Evocative remoteness summarizes the experience on The “Divide,” or the “Cat’s Back.” Located in a little visited corner of Wallowa County in NE Oregon, it provides some of the most beautiful country you will find anywhere in this nation. In 1885, sisters Daisy and Caroline Wasson came to live there on a homestead established by their parents. High, on an open ridge with spectacular views of the Wallowa and Seven Devils mountains, they spent ten years. Snowed in for six months of the years, they learned to sew from their mother, and do the multi varied tasks that made life bearable in the winter. In the summer, the place was magical. Daisy wrote about those who wondered how/why they could live in such “god forsaken” place: “I have a picture in my mind of Caroline, standing, listening. She has on a little white linen hat and she is holding her walking sticks, and leaning a little forward. I watch her, and then after a little bit ask what she is doing. ‘I hear music,’ she answers, ‘when I am real still and look at the mountains. I hear it.’
“I hear music when I am real still and look at the mountains.” Meg and I have enjoyed this music, the silence, as we have enjoyed the blessing and privilege to visit the Cat’s Back many times in the late spring. I hope you enjoy these pictures as well and “hear” the music for yourselves.
“If we don’t allow God to address the deep levels of our attachment to ourselves and to our programs of happiness, we will put into the world the negative elements of our self-centeredness, adding to the conflicts and the social disasters that come from over identifying with the biases and prejudices of our particular culture and upbring.” Fr Thomas Keating
Although Hells Canyon is a formidable barrier between Oregon and Idaho, extremely hot and dry in the summer, beautiful wildflowers bloom in the spring along the Snake River, and on the high benches. Heavenly is a much better way to describe it. I have day hiked the McGraw section for the last five years. It is a wonderful way to be reminded of His Creation!
My hiking partner, Bob, and I spent a delightful time in the high Wallowas, far from the “madding crowds.” A ten mile hike and 4000 foot elevation gain to us to the tundra country of the Eagle Cap Wilderness, where its short spring was just arriving. We have been here before, but it was the first time we caught it at the peak of its wildflowers.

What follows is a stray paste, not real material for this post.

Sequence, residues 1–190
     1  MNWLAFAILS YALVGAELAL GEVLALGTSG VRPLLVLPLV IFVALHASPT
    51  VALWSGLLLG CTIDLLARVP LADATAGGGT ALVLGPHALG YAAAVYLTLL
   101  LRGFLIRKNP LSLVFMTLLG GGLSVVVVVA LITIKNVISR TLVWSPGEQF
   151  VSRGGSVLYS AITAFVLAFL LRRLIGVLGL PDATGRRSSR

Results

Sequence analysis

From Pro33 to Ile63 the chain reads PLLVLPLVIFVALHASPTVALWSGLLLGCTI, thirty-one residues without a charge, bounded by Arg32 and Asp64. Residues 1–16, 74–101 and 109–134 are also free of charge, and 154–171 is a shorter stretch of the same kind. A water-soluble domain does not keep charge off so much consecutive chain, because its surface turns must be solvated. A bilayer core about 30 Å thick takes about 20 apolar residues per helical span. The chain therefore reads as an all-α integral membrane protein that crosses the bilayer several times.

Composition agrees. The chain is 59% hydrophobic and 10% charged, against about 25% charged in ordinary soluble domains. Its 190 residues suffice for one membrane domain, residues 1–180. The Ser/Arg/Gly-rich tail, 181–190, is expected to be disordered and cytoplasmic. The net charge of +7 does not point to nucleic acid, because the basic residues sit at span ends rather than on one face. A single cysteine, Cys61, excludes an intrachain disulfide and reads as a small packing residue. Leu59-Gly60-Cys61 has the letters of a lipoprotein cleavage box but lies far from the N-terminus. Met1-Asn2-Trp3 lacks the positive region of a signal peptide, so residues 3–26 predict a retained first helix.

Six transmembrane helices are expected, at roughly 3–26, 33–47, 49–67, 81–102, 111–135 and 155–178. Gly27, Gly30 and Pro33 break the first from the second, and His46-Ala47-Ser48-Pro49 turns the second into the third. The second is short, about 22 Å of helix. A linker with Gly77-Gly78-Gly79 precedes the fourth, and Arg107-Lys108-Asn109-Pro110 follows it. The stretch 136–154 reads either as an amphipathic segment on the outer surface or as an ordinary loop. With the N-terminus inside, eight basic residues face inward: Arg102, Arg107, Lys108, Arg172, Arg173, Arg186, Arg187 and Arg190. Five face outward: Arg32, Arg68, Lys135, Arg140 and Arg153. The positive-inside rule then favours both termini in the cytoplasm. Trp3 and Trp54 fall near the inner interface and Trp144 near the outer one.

Fall comes to a close in NE Oregon, from the Grande Ronde Valley to Wallowa Lake. Saturday was overcast, the type of day where normally I would not have gone out with my camera. But we had friends visiting from Hong Kong and we wanted to show them Wallowa Lake. As it turned out, the sky was filled with dramatically defined dark clouds and special subtle shades of light shone through.
I enjoyed a Friday overnight stay at our shared cabin at Wallowa Lake in NE Oregon. Kokanee, a landlocked salmon, are running in the Wallowa River above the lake. Their redish colors are mirrored in the beaufiful fall maple leaves in downtown Joseph. The air was fresh and clear early Saturday morning, a great befinning of the fall.
He will swallow up death forever! The Sovereign Lord will wipe away all tears.
As I read this passage a couple days ago, once again I was awed by the knowledge of God’s love. Despite the unhappy struggles we all go through during our lifetime, God prevails. He does give us life after death; He does know our sufferings, and WILL wipe away our tears.
A couple of weeks ago, as Meg and I were camped above the Snake River in Hells Canyon, a hummingbird whizzed back and forth in the early evening light. I clicked quickly, hoping I might come close to capturing the moment on camera. This hummer is obviously not in focus, but its glow is mystical. God’s presence is mystical; it is quiet; it is “be still land know I am God.” And, it is His gift to us that He will “wipe every tear from our eyes!”
Besides the “birds and the beasts,” Meg and I enjoyed the never ending vistas above Hells Canyon at the Saddle Creek Campground near Hat Point in Wallowa county. You could not find a five star hotel with any better views than we enjoyed from our campsite. We read and relaxed and enjoyed the changing shadows and highlights as the sun moved across the sky.
Saddle Creek is one of many drainages that flow down steep basalt canyons into the Snake River. Often times, Meg and I stay at a Forest Service campground above Saddle Creek that looks into the majesty side cliffs and benches that form Hells Canyon. Bird and mammal life is busy, as these pictures show. A pair of blue birds were nesting in a dead tree close to our campsite, providing us with fun sightings of their constant search for insects.